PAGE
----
Thursday, May 28, 2015

5.7 amd64 X200: Rotating random wallpaper using feh + cron. And more.


Searching for rotating wallpaper on the web has given me a few good shell scripts to use. But what if I just want to use the good ol' crontab and feh? Here's what I've done.

What I'm on now:
- feh

Obviously CWM is my WM of choice nowadays. And I've installed feh. My lappy's screen resolution is 1280x800 so I went searching for beautiful nature's wallpaper. Get more than 2 so I'll have many rotation choices.

For me, I mkdir a Wallpapers folder. So it's look like:


I put all the pictures into that folder. Now for the cron part.

$ crontab -e

This is my first cron so the file is empty. I want this wallpaper to rotate using random picture every 5 minutes. So my cron is like this:

*/5 * * * * DISPLAY=:0.0 feh --bg-fill -z --no-fehbg ~/Wallpapers/

In short, human-readable meaning is every 5 minutes (*/5) the screen (DISPLAY=:0.0) will be used by feh to fill the picture as wallpaper (--bg-fill) randomly (-z) without writing a ~/.fehbg file (--no-fehbg) using pictures from the folder ~/Wallpapers .

Then press :WQ to write the changes and quit so the process will start. Enjoy the rotating wallpapers guys.

Ok. Now. What if I want to use random wallpapers everytime I log in to cwm? The command is the same like crontab there but I need to ready 2 things.

Editing ~/.xsession and put this line (before exec cwm or any WM of your choice).

eval `cat ~/.fehbg`
exec cwm

Now create/edit ~/.fehbg and put the command like in crontab (without the DISPLAY=:0.0 bit):

feh --bg-fill -z --no-fehbg ~/Wallpapers/

And it's done. Oh wait, how about another one? Get a menu to change to a random wallpaper in cwm. Open up ~/.cwmrc and put this:

command ChangeWP "feh --bg-fill -z --no-fehbg ~/Wallpapers/"

Then refresh the cwm (by default should be pressing Ctrl+Alt+Shift+R) and click the menu.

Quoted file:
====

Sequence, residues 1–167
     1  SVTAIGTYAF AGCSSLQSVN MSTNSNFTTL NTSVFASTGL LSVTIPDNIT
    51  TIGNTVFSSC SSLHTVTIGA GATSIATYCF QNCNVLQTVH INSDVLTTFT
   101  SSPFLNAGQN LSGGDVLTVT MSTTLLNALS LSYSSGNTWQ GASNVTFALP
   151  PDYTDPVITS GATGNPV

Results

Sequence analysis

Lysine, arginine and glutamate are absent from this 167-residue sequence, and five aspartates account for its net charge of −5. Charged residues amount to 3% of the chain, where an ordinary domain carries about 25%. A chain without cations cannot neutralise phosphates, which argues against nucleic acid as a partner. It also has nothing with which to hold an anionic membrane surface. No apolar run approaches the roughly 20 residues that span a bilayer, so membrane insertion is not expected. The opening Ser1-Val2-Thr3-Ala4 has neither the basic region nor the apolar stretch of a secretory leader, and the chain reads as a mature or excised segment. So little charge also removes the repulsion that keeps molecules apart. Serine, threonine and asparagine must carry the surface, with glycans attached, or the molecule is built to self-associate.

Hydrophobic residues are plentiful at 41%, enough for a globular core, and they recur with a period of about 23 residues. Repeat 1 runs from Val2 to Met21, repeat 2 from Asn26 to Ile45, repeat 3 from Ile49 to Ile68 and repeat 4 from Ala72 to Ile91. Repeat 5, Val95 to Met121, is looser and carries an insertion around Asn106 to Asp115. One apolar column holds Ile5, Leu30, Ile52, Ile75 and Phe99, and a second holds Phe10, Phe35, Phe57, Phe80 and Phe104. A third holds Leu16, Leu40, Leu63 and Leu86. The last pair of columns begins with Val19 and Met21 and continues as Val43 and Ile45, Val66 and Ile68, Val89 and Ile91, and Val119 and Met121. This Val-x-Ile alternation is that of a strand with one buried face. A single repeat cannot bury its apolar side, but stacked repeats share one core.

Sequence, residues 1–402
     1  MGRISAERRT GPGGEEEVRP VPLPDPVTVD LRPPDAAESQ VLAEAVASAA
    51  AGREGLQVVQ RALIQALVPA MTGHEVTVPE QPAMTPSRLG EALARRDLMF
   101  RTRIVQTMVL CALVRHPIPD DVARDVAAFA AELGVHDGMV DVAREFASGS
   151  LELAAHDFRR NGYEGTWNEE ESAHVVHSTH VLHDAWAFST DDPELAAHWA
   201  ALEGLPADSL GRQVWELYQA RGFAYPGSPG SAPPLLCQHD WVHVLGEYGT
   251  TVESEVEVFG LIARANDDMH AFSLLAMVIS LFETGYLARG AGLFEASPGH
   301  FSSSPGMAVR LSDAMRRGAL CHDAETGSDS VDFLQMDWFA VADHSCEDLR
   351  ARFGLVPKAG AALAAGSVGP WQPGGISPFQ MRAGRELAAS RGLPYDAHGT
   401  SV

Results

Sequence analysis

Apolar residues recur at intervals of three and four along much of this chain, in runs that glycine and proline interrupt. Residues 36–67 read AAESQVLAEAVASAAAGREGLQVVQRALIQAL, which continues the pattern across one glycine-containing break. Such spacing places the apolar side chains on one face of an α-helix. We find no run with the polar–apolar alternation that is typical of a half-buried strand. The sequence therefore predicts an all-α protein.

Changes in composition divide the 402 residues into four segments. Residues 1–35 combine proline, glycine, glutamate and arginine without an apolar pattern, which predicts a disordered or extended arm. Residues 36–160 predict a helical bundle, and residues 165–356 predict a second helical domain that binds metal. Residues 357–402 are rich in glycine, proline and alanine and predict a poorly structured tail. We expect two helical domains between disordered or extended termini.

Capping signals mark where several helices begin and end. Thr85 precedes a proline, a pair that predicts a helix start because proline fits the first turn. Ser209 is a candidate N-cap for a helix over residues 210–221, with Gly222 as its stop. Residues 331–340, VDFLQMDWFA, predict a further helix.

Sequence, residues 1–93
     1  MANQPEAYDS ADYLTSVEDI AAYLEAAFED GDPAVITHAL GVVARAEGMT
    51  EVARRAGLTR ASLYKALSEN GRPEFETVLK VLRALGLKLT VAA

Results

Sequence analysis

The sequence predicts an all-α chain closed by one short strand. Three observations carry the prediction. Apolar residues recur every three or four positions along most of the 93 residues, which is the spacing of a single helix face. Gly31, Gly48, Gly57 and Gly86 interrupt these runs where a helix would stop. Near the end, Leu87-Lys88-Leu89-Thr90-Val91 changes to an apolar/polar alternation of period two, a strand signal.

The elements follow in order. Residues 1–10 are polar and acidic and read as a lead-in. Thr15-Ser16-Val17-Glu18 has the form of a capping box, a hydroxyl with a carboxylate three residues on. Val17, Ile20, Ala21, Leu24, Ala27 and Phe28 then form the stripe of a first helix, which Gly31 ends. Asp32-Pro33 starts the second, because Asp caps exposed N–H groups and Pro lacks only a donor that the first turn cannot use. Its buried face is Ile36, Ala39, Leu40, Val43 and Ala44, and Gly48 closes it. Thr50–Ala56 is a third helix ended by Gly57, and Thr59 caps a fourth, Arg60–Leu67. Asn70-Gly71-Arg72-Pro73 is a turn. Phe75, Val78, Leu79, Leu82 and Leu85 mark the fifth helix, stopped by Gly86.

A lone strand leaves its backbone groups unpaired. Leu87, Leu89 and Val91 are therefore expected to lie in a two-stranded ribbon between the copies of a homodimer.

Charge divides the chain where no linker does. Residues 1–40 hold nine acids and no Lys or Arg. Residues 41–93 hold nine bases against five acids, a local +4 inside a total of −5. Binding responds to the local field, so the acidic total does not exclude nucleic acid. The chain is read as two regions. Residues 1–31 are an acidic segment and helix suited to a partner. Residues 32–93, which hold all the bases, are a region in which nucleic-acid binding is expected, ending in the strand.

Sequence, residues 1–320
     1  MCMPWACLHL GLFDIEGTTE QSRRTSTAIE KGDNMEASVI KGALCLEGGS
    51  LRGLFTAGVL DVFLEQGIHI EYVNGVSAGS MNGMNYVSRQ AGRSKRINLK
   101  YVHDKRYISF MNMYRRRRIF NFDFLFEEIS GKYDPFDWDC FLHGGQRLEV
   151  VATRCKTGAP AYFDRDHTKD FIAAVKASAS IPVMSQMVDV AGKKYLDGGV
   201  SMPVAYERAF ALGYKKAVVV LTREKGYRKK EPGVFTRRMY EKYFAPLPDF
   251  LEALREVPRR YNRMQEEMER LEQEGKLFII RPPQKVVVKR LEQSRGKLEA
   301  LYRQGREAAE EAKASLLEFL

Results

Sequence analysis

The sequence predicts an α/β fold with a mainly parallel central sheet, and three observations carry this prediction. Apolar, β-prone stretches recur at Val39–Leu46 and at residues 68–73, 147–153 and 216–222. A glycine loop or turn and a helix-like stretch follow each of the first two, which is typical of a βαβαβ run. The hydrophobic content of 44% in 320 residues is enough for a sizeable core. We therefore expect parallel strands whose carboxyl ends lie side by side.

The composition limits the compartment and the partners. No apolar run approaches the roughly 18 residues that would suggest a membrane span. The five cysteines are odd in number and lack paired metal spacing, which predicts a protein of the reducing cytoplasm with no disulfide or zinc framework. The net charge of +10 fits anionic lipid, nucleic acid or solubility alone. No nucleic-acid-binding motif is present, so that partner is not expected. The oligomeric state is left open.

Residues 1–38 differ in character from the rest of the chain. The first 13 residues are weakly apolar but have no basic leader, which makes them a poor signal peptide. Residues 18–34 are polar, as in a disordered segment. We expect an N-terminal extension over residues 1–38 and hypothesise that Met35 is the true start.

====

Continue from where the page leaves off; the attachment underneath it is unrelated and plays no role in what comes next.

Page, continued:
Man crontab / feh for more info. Later.

Wednesday, May 27, 2015

5.7 amd64 X200: Downgraded back to 5.7-RELEASE but accidently clean installed.


This is one of those days. One of those days. I was having problem building libreoffice port in -current. Then found a latest snapshot, I upgraded to that latest snapshot but still having a problem building libreoffice. I didn't remember the exact error but it's related to GCC and lib-java or something similar.

I need to use libreoffice for my office works. So I thought on downgrading to 5.7-RELEASE. Downgraded I did. But failed miserably. I stupidly reinstall the -release. No. Cleanly installed. Yeah. I know. All my files are gone now.

My dotfiles, my data. Ouch. I mean a big OUCH. Yeah I know I should've kept my backup current. It's a stupid mistake on my side.

And now I will most probably start from (near) scratch. What I've learned?

1) Make sure the libreoffice is in packages for the -current version I want to upgrade as building libreoffice in port is a big pain in the butt.

2) Take backup seriously. I mean SERIOUSLY.


Tuesday, May 26, 2015

5.7 amd64 X200: New experiences


This is what I noticed when I upgraded my X200 to 5.7. Take note that I don't have a lot of packages installed so my experience here is minimum.

mode-mouse no longer works. Documentation is saying that setting mouse on is enough now. Tried that but currently mouse not working as expected.
UPDATE: Previously when you scroll the mouse wheel, tmux will automatically scroll. Now you need to press ^B+[ (Ctrl+B [) then you can use the mouse wheel to scroll.

Now the datasize-cur has been upped in the default installation to 1536M. Great. Firefox and other memory hogging package rarely crash now.

There's issue with /usr/local/lib/ WARNING. Sometime Xombrero would crash and then starting the program will also coredump. After a few tries then Xombrero will run again.

There are others which I can't recall right now as I'm now on -CURRENT and using port to install Libreoffice. More on this later.

5.7 amd64 X200: Creating / Using Easy2Boot installer for OpenBSD